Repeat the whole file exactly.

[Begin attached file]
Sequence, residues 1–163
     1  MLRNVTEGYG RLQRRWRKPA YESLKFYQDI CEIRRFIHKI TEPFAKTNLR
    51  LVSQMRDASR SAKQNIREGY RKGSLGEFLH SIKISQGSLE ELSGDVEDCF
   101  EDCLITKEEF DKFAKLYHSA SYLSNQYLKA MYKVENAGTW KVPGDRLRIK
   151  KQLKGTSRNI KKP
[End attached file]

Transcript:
Sequence, residues 1–163
     1  MLRNVTEGYG RLQRRWRKPA YESLKFYQDI CEIRRFIHKI TEPFAKTNLR
    51  LVSQMRDASR SAKQNIREGY RKGSLGEFLH SIKISQGSLE ELSGDVEDCF
   101  EDCLITKEEF DKFAKLYHSA SYLSNQYLKA MYKVENAGTW KVPGDRLRIK
   151  KQLKGTSRNI KKP